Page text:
Not only are there extensions available from the Microsoft Store, but because the new Edge is Chromium based, you can easily add Chrome extensions to Edge - something you would have known had you really checked, as you claimed you did! But you don't need to do your homework, huh?

add chrome plugins to the new edge

Oh wait, that's a Bing search - it's by Microsoft so it must be bad. Google: add chrome plugins to the new edge

And worst of all, your biases run so deep, you accuse any one who uses Chrome, Edge or IE as "witless and/or ignorant"! That's objective? NO! It is pure condescension, arrogance and downright offensive. And you went further and defended your comments by stating, "Anyone who has even a modicum of understanding of the needs of privacy and computing security knows better than to use those browsers".
Posted on Reply
#57
matthewmatics
All this smack talk and I can tell you first hand than on many systems over much time....edge and IE 11 (and all MS browsers before them) both suck arse compared to their known great competitors.

I don't hate on microsoft at all.....I simply see/feel the difference and acknowledge it.

This is no secret at all and almost everyone I have ever dealt with in the tech world agrees 100%.

Ignorant is not a bad word for F's sake...
Posted on Reply
#58
Bill_Bright
LOL Right. All sorts of objectivity in there. :rolleyes:

So you can tell "first hand" that the brand new Edge, just a few days old and which is based entirely on the "open source" Chromium engine, and which is totally different from the old Edge and every browser MS ever previously products, "suck arse"?

Wow.
matthewmatics
Ignorant is not a bad word
True. But remaining ignorant by choice sure is not good - or objective.

Okay - as long as eyes and minds remain closed, continuing this discussion is pointless. I hope everyone has a good day. And I hope folks give the new Edge an honest, objective try. Start with a blank slate, setting aside any preconceived notions about the brand behind it and see what you think. You might be surprised.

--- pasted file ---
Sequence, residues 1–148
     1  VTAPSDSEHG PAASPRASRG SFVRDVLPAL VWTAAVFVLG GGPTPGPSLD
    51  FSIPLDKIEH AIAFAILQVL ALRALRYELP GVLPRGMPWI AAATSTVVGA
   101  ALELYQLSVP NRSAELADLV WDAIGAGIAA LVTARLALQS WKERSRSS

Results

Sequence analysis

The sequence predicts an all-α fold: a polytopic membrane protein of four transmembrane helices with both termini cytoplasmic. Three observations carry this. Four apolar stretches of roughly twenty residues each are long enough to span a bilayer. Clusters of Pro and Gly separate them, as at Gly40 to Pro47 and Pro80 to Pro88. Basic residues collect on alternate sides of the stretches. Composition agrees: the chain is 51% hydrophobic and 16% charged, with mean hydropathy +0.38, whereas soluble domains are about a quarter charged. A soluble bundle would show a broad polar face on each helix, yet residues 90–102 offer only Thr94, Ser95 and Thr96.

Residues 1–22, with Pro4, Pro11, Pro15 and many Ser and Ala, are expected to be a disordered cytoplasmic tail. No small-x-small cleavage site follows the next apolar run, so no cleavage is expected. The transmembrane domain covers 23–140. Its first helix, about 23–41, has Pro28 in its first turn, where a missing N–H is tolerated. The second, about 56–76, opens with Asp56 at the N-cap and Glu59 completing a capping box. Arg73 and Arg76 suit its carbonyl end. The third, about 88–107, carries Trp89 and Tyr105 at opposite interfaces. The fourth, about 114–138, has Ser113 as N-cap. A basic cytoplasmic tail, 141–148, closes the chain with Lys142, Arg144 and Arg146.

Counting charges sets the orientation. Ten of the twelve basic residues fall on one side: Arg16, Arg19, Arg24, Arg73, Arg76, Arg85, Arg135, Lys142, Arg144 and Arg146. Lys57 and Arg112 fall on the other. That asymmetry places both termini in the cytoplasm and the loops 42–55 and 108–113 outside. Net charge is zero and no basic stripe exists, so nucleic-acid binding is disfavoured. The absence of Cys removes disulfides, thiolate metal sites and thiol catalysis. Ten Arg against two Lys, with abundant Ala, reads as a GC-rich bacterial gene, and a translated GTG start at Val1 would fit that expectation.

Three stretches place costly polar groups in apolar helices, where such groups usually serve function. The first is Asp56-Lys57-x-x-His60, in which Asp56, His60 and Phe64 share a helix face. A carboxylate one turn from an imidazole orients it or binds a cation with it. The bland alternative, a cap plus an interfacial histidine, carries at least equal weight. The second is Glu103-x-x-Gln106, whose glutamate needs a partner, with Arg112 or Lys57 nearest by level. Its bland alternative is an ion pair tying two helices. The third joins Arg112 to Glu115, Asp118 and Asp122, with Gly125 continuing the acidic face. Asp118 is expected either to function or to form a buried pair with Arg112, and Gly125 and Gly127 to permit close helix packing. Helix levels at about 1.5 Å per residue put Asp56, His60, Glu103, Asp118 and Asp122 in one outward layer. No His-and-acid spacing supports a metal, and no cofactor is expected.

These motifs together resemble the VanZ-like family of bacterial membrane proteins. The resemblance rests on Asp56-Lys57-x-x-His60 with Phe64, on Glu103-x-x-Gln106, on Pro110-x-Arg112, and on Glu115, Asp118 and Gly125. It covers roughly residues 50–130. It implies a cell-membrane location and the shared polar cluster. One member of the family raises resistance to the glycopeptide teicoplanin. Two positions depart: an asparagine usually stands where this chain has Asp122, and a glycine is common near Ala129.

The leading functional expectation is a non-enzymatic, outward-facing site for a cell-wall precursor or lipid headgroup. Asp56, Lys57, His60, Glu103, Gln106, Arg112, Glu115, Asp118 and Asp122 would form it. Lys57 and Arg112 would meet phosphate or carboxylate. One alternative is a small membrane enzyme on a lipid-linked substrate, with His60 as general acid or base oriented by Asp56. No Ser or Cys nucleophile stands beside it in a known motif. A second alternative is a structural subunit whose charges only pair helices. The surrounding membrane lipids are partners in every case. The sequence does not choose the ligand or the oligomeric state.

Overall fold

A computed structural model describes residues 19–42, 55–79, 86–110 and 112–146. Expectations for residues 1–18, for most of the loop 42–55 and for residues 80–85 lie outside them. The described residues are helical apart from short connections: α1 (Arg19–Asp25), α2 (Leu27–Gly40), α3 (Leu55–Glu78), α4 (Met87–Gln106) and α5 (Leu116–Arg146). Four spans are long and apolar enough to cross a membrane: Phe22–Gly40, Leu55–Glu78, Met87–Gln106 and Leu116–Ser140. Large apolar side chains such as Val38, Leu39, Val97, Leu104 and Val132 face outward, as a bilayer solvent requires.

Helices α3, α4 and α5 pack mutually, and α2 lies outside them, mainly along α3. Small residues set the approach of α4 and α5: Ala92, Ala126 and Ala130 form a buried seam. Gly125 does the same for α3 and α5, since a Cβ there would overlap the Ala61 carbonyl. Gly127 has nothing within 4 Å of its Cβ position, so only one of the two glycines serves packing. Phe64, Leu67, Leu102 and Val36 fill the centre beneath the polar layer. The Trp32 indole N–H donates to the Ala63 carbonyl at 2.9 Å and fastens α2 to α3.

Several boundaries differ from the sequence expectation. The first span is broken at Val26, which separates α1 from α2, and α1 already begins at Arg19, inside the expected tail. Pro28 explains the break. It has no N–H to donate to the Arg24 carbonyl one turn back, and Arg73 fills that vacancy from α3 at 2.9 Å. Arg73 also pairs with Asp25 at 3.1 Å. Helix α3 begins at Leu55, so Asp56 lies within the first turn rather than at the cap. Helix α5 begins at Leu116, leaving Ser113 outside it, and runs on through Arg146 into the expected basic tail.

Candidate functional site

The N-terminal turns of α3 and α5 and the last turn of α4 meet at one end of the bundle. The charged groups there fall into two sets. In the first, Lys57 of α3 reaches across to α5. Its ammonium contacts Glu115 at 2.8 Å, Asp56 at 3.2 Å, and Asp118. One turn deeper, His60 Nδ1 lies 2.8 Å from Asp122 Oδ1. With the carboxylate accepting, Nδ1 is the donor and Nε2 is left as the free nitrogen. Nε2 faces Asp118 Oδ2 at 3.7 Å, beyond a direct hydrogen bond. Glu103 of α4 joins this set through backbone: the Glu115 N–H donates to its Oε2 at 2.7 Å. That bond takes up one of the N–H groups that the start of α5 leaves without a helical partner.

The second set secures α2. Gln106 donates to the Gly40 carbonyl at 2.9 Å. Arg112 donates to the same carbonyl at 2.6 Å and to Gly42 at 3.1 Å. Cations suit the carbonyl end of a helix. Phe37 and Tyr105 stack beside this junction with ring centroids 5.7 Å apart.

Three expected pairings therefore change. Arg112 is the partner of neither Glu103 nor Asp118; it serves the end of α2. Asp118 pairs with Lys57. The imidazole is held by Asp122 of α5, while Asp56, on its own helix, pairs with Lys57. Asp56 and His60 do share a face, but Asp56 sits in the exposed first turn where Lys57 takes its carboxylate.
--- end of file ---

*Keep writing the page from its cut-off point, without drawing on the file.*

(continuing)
Posted on Reply
#59
matthewmatics
Absolutely YES I CAN TELL!

Jesus, I don't know how you can't tell!
Posted on Reply
#60
Bill_Bright
Then tell us! The new Edge has been out for 5 whole days. Tell us "objectively", how does the new Edge, "suck arse compared to their known great competitors"?

Forget about IE. IE is past history. This thread is about Edge and you claimed, due to your "first hand" experience "over much time", that Edge sucks arse. So please, explain how.
Posted on Reply
#61
matthewmatics
You have made up your mind. Use what you want.

It is simply slower and I don't need to be objective let the developers figure it out.

I test everything often so maybe someday I will change my mind. Not today.
Posted on Reply
#62
Bill_Bright
You are wrong. I have not made up my mind. That's the point! I am trying it and giving it more than 10 minutes before deciding if I like it or not. It takes time to get used to all the ins and outs of new software, whether that be a new anti-malware solution, email program, word processor, OS, or browser. It takes time to make an "objective" evaluation.

As I said earlier, Pale Moon has been my default. And it was for many years. And I may go back to it because I still like it. Contrary to what some seem to think, I do NOT accept that anything Microsoft does or makes is the gold standard.

My point and most common reason for defending Microsoft when I do is to counter all the biased falsehoods posed against them or their products. They (the company and their products) already have enough flaws that false ones don't need to be manufactured by biased MS bashers!

I have not found the new Edge to be slow at all. The old Edge was. When I first started using the new Edge (Beta) it was noticeably faster than Pale Moon, IE and the old Edge. And this review suggests the same. While I have not seen any real tests, this final release of the new Edge "seems" to be even quicker than the Beta version. But I will have to give it more time to be certain since rendering web pages involves much more than just the browser speed.

And of course, speed is not the only factor when determining which browser is best - for me.